Conservation Groups Praise Progress in Effort to Remove Lock and Dam Along Green River
A partnership of state and federal conservation groups is celebrating the largest lock and dam removal in Kentucky history.
The removal of Green River Lock and Dam # 5 in Butler County has been in the making since 2015, with local government, environmental, and business groups pushing the effort.
A crew from the U.S. Fish and Wildlife Service has been working since June at the site, using heavy equipment to slowly remove the lock chamber where boats have passed through along the Green River.
An event Monday at the site of the dam was supposed to mark the beginning of the removal of actual dam, but that was postponed due to the rainy weather.
David Phemister is the director of the Kentucky chapter of The Nature Conservancy, one of the groups that’s advocated for the removal.
“Rivers should naturally be free-flowing, that’s when they have the best habitat for wildlife, fish, and other species. And so removing the dam will really instantly—while the work takes a while—once it’s gone, those restoration benefits, that recovery of the river happens really, really quickly.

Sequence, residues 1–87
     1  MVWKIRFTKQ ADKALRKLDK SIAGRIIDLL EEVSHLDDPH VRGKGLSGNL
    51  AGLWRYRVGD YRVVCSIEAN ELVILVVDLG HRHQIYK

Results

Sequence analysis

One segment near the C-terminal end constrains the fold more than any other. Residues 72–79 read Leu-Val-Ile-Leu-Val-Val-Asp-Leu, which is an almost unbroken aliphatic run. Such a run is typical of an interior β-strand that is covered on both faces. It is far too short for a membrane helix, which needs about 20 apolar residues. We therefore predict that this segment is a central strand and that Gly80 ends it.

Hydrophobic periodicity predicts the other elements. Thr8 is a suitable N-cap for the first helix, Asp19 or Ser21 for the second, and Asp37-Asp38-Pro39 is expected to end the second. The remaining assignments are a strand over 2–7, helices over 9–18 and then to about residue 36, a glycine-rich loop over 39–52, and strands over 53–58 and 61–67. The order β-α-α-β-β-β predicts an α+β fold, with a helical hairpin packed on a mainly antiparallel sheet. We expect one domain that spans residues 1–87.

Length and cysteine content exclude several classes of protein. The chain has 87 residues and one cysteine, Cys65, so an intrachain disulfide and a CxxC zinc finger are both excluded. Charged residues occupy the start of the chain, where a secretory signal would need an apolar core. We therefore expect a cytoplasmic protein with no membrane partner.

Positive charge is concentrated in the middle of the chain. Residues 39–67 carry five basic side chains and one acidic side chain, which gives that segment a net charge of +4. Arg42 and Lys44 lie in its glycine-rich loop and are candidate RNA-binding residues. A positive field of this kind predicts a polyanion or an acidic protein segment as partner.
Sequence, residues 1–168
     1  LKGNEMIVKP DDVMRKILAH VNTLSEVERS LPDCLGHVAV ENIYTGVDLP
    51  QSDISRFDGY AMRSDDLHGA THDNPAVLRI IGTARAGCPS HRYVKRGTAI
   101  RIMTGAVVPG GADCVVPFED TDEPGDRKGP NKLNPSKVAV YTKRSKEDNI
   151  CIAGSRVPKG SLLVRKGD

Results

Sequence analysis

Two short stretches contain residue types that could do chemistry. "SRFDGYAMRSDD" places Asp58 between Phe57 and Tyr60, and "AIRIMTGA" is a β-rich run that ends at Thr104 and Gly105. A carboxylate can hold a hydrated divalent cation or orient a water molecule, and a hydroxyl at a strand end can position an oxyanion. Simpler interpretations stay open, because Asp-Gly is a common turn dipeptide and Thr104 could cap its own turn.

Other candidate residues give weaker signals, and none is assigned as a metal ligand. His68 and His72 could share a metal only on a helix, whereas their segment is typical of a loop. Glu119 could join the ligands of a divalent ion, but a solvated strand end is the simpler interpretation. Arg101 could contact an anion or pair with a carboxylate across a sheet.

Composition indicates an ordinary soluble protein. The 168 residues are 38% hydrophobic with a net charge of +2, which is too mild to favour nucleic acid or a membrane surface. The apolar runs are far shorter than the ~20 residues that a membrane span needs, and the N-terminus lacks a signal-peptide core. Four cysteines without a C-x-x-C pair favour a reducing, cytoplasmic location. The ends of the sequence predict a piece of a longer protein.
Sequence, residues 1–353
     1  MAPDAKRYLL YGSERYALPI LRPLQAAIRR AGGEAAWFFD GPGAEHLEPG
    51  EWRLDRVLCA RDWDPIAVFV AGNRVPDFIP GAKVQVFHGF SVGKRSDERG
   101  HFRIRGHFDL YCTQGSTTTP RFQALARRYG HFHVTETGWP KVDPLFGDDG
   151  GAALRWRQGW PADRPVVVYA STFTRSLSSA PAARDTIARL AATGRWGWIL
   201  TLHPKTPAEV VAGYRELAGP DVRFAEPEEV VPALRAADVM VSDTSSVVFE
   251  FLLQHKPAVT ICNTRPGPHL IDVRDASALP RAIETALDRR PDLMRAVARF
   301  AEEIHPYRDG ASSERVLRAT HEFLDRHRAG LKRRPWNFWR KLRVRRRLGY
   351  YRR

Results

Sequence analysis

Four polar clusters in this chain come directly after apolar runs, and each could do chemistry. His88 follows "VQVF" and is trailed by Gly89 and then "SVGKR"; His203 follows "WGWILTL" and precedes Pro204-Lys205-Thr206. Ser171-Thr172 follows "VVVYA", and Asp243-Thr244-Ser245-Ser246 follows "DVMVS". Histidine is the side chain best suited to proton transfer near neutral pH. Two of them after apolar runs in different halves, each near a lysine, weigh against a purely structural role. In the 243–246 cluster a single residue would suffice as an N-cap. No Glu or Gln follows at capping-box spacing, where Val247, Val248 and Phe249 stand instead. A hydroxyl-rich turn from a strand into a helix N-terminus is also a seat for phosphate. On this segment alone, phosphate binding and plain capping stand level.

Advocates for the dam removal say a free-flowing river will also be safer for boaters, and will lead to increased recreation and economic development opportunities.
“We’ll have a more accessible river, and that’s important for two reasons,” Phemister said. “One, the more people you can get out on the Green River, the more people you have fall in love with it, and we protect and care for what we love. Also, outdoor recreation—whether it’s hiking, bird-watching, or, in this case, canoeing, kayaking, and fishing—it’s a real economic engine, and it’s growing economic engine for Kentucky and other rural states across the country.”
Some of the other organizers on hand Monday at the event in the Butler County town of Roundhill included the U.S. Army Corps of Engineers, Kentucky Department of Fish and Wildlife Resources, and Kentucky Waterways Alliance.
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